Another reason for the three sections is that these three sections correspond to the last three of four periods of seven times in Leviticus 26; Daniel referred to that chapter when he said that the curse of the law of Moses had been poured out upon Israel. [Daniel 9:11] That identifies the first seven times of Leviticus 26 with the captivity in Babylon. There remained three more periods of seven times, and they correspond to the three sections of the 70 weeks.

Leviticus 26 Daniel 9 Dates
First 7 times (vs. 18) exile in Babylon (vs. 11) ended with decree of Cyrus 538 BC
Second 7 times (vs. 21) 7 weeks (49 leap years of 13 months) 133 years
538 BC – 405 BC
Third 7 times (vs. 24) 62 weeks 434 years
405 BC – 28 AD
Fourth 7 times (vs. 28) 1 week 3 ½ year ministry of Jesus
27 AD – 30 AD
time, times and a half
1,335 days
1,290 days
1260 days
42 monthsthe whole age of the church

The units of the first section of 7 weeks are not the same as the units in the second section; if they were the same, why not say “sixty-nine weeks” for the period until the Messiah appeared, instead of saying “seven weeks,” and “sixty two weeks”?

The time span for the first two sections does not work out properly, unless the units in the sections are interpreted distinctly. For the first seven weeks, I suggest, the units are leap years, of 13 months. The first section is seven weeks of leap years, each week consisting of 19 years, as there are 235 lunar months in 19 years. The whole period of the first seven weeks is 133 years, which includes 49 leap years.

The second section of 62 weeks is 434 years, as these are 62 sabbatical cycles. With this scheme, the first two sections are 567 years, and counting from the decree of Cyrus in 538 BC, they end in 28 AD, early in the ministry of Jesus. The final, 70th week is the 3 ½ year ministry of Jesus, plus the “time, times and a half,” which represents the whole age of the church. See: The nature of the seventy sevens.

When did the ministry of Jesus begin?

Several facts need to be considered, when determining the date of Jesus’ ministry. First, the gospel of John mentions a statement by the Jews about the construction of Herod’s temple. They said, “Forty and six years was this temple in building,” in John 2:20, which shows that the first passover of the ministry of Jesus was no later than 27 AD, because Herod began construction of the Jerusalem temple in 19 BC, in the 18th year of his reign.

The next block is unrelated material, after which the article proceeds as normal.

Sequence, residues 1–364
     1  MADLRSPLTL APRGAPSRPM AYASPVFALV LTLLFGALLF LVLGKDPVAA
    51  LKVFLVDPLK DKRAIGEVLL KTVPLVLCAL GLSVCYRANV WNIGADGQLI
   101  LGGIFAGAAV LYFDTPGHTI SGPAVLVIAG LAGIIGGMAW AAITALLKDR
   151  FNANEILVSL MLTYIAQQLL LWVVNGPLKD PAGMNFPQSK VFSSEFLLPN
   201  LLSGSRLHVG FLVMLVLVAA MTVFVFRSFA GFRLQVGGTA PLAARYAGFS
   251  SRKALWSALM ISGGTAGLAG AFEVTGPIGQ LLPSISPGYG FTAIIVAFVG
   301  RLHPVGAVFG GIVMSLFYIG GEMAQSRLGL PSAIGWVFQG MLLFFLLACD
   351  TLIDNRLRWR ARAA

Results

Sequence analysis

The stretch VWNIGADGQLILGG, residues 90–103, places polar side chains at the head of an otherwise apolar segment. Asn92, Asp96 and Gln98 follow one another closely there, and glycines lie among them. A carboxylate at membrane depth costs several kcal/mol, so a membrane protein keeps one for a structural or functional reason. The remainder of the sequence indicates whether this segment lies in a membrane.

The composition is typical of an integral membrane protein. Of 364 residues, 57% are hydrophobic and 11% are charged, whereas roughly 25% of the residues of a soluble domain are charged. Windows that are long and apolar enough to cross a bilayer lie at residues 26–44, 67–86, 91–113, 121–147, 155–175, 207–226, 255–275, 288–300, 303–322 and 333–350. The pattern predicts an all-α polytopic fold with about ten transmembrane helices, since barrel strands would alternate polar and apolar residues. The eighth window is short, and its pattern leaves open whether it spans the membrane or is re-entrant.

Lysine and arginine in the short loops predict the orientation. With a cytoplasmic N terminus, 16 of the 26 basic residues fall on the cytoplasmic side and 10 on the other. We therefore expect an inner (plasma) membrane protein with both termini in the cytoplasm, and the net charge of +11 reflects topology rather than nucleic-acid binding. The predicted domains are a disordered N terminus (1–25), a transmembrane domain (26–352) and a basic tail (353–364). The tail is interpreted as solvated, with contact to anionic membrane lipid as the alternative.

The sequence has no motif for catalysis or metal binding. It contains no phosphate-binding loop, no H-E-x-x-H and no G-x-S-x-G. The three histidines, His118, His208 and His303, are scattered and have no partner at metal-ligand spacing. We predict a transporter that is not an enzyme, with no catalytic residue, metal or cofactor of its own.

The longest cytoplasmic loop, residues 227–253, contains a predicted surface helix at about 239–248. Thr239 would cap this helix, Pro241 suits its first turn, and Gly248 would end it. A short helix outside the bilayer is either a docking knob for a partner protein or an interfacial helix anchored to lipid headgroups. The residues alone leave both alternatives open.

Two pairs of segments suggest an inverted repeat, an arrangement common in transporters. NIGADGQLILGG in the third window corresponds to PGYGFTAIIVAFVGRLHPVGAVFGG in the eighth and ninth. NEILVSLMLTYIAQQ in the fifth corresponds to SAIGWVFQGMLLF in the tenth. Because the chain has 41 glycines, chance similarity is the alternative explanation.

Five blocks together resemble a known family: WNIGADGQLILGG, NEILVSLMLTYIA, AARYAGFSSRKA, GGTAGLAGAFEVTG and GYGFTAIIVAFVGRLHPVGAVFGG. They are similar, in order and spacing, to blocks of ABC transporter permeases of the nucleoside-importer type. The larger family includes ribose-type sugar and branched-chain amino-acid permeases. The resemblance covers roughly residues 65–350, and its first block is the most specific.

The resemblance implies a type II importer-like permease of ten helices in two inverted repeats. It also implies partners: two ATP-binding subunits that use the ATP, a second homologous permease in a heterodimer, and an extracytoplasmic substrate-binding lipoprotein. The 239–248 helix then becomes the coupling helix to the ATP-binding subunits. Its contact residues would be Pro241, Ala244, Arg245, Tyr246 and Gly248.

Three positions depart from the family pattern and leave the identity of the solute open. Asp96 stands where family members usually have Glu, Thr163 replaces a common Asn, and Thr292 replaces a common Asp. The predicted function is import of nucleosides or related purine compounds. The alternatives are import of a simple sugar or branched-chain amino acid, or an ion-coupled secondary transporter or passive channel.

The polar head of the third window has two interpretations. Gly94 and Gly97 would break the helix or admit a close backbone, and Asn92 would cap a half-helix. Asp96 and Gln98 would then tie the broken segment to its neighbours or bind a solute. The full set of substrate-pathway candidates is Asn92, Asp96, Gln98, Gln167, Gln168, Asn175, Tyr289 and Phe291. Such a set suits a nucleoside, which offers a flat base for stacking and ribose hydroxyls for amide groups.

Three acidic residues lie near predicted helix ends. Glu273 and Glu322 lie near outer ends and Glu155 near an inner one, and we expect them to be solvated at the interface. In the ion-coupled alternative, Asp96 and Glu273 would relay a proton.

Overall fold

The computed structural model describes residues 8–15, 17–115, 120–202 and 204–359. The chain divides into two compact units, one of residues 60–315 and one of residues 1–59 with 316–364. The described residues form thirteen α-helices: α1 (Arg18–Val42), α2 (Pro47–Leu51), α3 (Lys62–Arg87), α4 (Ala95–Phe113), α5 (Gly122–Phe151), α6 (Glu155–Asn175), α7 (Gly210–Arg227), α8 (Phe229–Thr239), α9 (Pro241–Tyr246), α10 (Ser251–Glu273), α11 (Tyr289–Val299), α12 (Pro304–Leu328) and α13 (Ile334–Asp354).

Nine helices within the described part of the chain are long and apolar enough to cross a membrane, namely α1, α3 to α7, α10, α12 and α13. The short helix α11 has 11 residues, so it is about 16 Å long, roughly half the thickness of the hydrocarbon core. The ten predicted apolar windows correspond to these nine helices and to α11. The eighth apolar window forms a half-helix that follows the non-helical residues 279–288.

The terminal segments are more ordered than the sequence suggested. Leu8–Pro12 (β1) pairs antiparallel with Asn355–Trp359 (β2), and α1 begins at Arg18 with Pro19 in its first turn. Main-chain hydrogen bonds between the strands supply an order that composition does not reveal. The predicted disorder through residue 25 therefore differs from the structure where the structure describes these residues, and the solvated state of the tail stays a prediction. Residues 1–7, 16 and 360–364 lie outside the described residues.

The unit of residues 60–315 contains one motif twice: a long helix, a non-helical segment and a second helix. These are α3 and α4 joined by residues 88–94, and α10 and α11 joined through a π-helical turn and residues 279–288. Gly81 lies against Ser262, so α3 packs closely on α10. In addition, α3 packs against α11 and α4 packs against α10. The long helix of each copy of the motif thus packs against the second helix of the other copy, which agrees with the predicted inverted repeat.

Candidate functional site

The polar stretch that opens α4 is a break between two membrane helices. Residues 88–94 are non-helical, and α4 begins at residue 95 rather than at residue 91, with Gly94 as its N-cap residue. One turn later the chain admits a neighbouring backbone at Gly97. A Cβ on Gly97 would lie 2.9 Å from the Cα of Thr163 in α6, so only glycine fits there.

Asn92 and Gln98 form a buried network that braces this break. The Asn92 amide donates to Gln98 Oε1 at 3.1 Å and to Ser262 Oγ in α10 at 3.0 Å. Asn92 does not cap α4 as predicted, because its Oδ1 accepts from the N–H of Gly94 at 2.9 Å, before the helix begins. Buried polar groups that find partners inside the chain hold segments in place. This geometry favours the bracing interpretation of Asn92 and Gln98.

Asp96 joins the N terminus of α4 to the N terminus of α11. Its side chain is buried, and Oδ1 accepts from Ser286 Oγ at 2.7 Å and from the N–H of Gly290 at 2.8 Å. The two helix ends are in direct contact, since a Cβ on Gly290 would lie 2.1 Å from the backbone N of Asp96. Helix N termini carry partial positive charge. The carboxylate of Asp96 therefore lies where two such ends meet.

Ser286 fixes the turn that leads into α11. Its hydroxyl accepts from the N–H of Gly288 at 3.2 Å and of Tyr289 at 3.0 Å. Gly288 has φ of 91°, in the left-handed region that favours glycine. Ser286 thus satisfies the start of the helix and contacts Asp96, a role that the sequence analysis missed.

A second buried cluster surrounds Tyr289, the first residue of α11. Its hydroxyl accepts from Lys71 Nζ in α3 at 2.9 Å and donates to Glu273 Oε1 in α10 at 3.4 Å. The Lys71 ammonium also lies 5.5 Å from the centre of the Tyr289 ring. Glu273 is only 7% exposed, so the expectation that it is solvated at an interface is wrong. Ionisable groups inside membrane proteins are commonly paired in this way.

Luke says Jesus was about 30 years old when he began his ministry. His birth occurred before the death of Herod, which was associated with an eclipse of the moon. Two dates have been proposed for the eclipse, 4 BC and 1 BC.

Luke states that the ministry of John the Baptist began in the 15th year of Tiberius. Jesus probably began his ministry a few months later. The 15th year of Tiberius could be the year 27 AD, as before the death of Augustus in 14 AD, Tiberius was given equal power with Augustus, as co-ruler.

Adam Clarke stated, “Augustus associated Tiberius with himself, in the full government of the empire; or, as Velleius Paterculus expresses it, ut cequum eijus in omnibus provinciis extratibutque esset, quam erat ipsi; ‘that he might have equal power with himself in all the provinces, and in all the armies of the empire.'” Clark gave as the date 11 AD, but according to Jack Finegan, it occurred in 12 AD. [Handbook of Biblical Chronology. 1998] If Luke counted the years of joint rule, the 15th year of Tiberius may have been 26 AD, or 27 AD.

When did the ministry of Jesus end?

Jesus was crucified in 30 AD. Two possible dates could agree with the crucifixion date in the last part of the week, 30 AD and 33 AD. The crucifixion must have occurred in the last part of the week, for the empty tomb on the first day of the week when Jesus was resurrected. The duration of ministry is thought to be three years and a half, which possibly includes the ministry of John the Baptist.

Three passovers are mentioned in the Gospel of John, in 2:13, 6:4, and 11:35.

What covenant is confirmed for one week?

Daniel said “he shall confirm the covenant with many for one week;” what covenant was it? Daniel refers to the covenant in his prayer in verse 4.

In Malachi 3:1, Christ is referred to as “the messenger of the covenant.” Jesus applied this prophecy to himself in Matthew 11:10.

Paul said, “Now I say that Jesus Christ has become a servant to the circumcision for the truth of God, to confirm the promises made to the fathers.” [Romans 15:8] By “the circumcision,” Paul alludes to the saints, who are circumcised “without hands.” [Colossians 2:11, Philippians 3:3]

When Jesus ascended to heaven, Jerusalem was also raised up. John refers to Jerusalem as the “bride of the Lamb.” The new covenant is one that Jesus confirms with his disciples. Paul said, “The Lord Jesus, on the night he was betrayed, took bread, and when he had given thanks, he broke it and said, ‘This is my body, which is for you; do this in remembrance of me.’ In the same way, after supper he took the cup, saying, ‘This cup is the new covenant in my blood; do this, whenever you drink it, in remembrance of me.’ For whenever you eat this bread and drink this cup, you proclaim the Lord’s death until he comes.” [1 Corinthians 11:23-26 NIV]

Notice that this sacrament was to continue “until he comes.” John refers to the heavenly Jerusalem as the “bride of the Lamb.” The church is being prepared for a future marriage. Paul wrote to the Corinthians, “I have espoused you to one husband,” and said that he was concerned lest their minds had been “corrupted from the simplicity that is in Christ.” His objective was to present them “as a chaste virgin to Christ.” [2 Corinthians 11:2-3]

The new covenant corresponds to the betrothal of a spouse. It is like a commitment to a future marriage. The seven years that Jacob served his uncle for Rachel foreshadowed the seventieth week.